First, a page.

Air traffic control offers a smorgasbord of mostly legal ways to run the scud without running from the law. We’ll consider four procedures that blend IFR with VFR to expand system utility. They are: Visual approach, contact approach, VFR-on-top (OTP), and special VFR (SVFR). That last sounds like an item on the Airport Cafe menu: “I’ll have the special VFR with curly fries.”
“All out of curly; how ‘bout shemp?”
ATC exists to “safely expedite the flow of air traffic through the National Airspace System.” Or something like that, an ethos I encountered at the FAA Academy in 1979. The experience was largely a screen to see who had the moxie to keep numerous callsigns in their head and separate them from each other without radar. Lamely called “3-D chess,” I view ATC, instead, as Jenga-in-motion, wherein pieces are stacked in a precarious structure and shifting the wrong one will cause your career to collapse. Barring failure, air traffic arrives via instrument approach procedures or, weather permitting, a visual approach.
ATC routinely vectors IFR arrivals for visual approaches, provided the ceiling is 500 feet above the Minimum Vectoring Altitude (MVA) and visibility is 3 miles or greater. “Airport in sight,” the captain reports, and the controller replies, “… cleared visual approach …” The IFR arrival then proceeds visually to the runway while still on its IFR clearance and is expected to remain clear of clouds and terrain and possibly follow preceding traffic: “… follow that Airbus, cleared visual approach …” When a pilot agrees to “follow” or “maintain visual separation” from another aircraft, the agreeable pilot also becomes responsible for wake turbulence separation. In Class E surface airspace, the IFR inbound is usually separated from other IFR traffic on a one-in-one-out basis.
Here’s the sticky pretzel. The visual approach is an IFR clearance but is not a standard instrument approach procedure and has no published missed approach. Sorta. ATC will issue alternate instructions should the visual approach go awry, at which point the IFR aircraft is treated as a “go-around” and worked into traffic pattern or returned to the IFR flow for another try. Don’t report “airport/runway in sight” unless you know you’ll maintain that vision.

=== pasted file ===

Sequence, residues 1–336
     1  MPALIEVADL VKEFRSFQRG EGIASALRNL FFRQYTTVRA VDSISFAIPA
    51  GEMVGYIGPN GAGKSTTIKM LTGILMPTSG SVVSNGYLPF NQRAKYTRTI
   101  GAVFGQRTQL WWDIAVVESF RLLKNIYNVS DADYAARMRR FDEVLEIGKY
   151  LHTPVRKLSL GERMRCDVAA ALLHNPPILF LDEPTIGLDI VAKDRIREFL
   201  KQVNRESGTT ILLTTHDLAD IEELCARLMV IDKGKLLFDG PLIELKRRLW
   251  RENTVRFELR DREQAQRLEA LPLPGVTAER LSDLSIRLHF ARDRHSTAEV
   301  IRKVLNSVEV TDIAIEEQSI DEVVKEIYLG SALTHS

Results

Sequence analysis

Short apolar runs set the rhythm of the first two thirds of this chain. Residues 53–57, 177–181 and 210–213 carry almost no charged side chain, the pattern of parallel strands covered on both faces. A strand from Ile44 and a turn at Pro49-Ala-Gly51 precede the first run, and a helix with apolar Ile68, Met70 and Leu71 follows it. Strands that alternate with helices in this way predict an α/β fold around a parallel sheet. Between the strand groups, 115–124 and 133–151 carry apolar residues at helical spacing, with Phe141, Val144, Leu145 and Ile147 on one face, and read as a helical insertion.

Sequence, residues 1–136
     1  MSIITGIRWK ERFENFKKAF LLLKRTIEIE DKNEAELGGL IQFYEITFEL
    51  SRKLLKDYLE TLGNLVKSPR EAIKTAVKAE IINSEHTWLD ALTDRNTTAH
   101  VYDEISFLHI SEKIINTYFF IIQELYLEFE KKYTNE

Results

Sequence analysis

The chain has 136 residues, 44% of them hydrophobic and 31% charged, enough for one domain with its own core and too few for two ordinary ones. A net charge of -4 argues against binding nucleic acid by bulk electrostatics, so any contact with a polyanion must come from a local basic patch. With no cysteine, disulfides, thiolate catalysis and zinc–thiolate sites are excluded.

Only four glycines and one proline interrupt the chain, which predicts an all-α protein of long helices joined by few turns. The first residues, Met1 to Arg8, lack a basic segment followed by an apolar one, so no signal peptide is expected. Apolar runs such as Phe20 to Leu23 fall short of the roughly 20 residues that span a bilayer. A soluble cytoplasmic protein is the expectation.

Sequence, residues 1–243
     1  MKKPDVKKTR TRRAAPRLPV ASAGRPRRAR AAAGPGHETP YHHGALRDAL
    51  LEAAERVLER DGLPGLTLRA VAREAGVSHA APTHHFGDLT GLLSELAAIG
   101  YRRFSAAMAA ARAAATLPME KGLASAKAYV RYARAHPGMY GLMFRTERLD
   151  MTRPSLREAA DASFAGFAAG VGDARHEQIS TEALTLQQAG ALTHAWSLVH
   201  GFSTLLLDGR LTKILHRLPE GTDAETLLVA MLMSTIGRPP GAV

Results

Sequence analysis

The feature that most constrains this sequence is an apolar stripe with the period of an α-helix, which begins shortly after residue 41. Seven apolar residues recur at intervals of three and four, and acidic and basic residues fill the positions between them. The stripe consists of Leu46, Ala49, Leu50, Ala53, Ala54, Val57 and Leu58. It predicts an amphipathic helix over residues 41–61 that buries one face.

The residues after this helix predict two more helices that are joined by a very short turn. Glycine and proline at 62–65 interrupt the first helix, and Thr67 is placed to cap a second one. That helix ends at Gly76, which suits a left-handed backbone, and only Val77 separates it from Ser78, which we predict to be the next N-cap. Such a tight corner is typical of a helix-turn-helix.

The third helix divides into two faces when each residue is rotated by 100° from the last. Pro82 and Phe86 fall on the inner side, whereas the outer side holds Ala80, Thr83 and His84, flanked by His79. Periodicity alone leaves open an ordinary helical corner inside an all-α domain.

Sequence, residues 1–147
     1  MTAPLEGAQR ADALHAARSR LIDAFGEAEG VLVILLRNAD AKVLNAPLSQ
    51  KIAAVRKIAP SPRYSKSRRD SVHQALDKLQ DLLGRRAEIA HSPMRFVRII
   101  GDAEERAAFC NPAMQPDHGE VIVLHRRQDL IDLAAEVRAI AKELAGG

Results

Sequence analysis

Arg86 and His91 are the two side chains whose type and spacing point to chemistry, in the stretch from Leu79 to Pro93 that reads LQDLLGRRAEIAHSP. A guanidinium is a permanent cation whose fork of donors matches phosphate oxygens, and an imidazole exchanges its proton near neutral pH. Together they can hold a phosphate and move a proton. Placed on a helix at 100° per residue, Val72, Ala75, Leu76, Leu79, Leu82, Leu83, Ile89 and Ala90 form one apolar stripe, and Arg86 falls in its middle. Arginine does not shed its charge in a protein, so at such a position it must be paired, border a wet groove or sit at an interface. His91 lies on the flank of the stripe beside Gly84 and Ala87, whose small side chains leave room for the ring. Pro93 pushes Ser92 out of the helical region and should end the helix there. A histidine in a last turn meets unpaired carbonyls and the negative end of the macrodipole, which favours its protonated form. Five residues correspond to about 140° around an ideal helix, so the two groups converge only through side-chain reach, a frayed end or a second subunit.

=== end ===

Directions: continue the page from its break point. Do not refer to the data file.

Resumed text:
The contact approach is the visual approach’s gutsy cousin. ATC will not vector for a contact approach; the pilot must request it. Why? Because it’s down low, back alley, legal scud-runnin’ that’s fun and convenient, but in the wrong hands can endanger all on board and perhaps a cow on the hillside the pilot didn’t see.
Like the visual approach, the contact approach is an IFR clearance, and although not itself an instrument approach procedure, there must be an operable published instrument approach procedure at that airport. Unlike the visual approach, the pilot only needs 1 mile visibility and ground contact, meaning the pilot sees the ground without contacting it. Doing so triggers paperwork, and being suddenly dead won’t excuse the crew from filing.
There’s no need to see the runway or airport to request a contact approach. If it’s your backyard, where you know every windmill and determine that you can make it home mostly alive, then it’s your call, “… request contact approach.” While there’s no published missed on a contact approach, if the controller thinks you’re nuts, and weather won’t permit a successful arrival, the controller should issue “alternate instructions,” ideally including the word, “climb.”